AZ Citizens Clean Elections Commission Approves Candidate for Governor's Digital Qualifying Process

AZ Citizens Clean Elections Commission Approves Candidate for Governor's Digital Qualifying Process

AZ Citizens Clean Elections Commission Approves Candidate for Governor's Digital Qualifying Process

 

For the first time in Arizona history, a campaign has received approval from the Arizona Citizens' Clean Elections Commission to use an internet-based process, independent of the Secretary of State’s website, to collect and verify the $5 qualifying contributions required to participate in the program.


Until now, the only way to contribute online was to first provide the voter's driver's license number and date of birth on the Secretary of State's website. The new process created by Kevin McCormick's campaign for governor verifies with an electronic signature via DocuSign.


McCormick said, “In the past, it was impossible for citizens to compete with dark money in Arizona. The Clean Elections program was created by voters to keep the state from being sold to special interest groups, and as governor, I'll continue to create solutions that represent only the people of Arizona."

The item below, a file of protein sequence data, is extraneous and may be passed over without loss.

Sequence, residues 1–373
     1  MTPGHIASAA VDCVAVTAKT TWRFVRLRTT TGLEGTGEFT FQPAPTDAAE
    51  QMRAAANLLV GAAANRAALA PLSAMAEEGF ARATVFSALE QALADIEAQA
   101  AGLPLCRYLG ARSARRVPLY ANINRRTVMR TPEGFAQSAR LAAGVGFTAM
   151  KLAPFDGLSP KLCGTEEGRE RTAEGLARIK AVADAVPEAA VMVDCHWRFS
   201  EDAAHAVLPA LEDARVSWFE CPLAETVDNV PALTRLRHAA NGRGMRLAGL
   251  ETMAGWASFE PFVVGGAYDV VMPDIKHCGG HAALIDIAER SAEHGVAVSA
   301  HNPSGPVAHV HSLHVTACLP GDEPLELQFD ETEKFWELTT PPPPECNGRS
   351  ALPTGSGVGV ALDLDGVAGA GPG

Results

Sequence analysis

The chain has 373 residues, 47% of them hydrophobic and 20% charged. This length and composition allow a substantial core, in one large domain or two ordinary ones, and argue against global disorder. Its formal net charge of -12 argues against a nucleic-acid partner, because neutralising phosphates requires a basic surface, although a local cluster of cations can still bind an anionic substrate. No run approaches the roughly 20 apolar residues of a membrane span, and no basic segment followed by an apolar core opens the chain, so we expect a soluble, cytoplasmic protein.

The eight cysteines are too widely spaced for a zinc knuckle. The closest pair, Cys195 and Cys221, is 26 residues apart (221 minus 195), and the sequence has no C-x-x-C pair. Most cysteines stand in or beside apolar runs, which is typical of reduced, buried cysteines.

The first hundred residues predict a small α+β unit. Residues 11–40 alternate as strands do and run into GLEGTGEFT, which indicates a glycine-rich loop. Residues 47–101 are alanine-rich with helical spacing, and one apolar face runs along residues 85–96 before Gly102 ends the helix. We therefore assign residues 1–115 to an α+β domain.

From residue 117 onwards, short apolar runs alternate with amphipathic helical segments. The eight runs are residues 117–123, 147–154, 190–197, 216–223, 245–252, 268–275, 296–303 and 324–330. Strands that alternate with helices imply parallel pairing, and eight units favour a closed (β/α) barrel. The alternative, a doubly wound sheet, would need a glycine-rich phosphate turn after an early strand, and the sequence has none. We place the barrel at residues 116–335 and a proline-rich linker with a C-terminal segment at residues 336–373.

Campaign Manager Jenn Gray said, “This is a major victory for all Arizona voters, candidates, and the Clean Elections program.” Communications Director Jason Tucker added, “We were informed by many individuals that they were unable to complete the donation process using the Secretary of State's website. We met with representatives from both the Secretary of State and the Clean Elections Commission, and we were able to create a better process for all parties involved.”


Clean Elections has been a two-party slush fund for years -- and now Republicans in particular are getting nervous. The Legislature responded to the possibility of an electronic signature with a new measure putting Ducey appointees in charge of what's supposed to be an independent Commission. This is exactly the type of corruption Arizona voters were trying to prevent when they overwhelmingly approved the Clean Elections Act in 1998.


"Republicans can't handle that we're holding them accountable for broken promises not to raise taxes, and private prison quota deals with the corporations who fund their campaigns," McCormick added. If he obtains 4,000 $5 donations from registered Arizona voters, the Clean Elections Commission will fund the campaign, making it the largest third-party race in the country in 2018.

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  • Jennifer Gray
    published this page in News 2018-05-09 17:28:49 -0700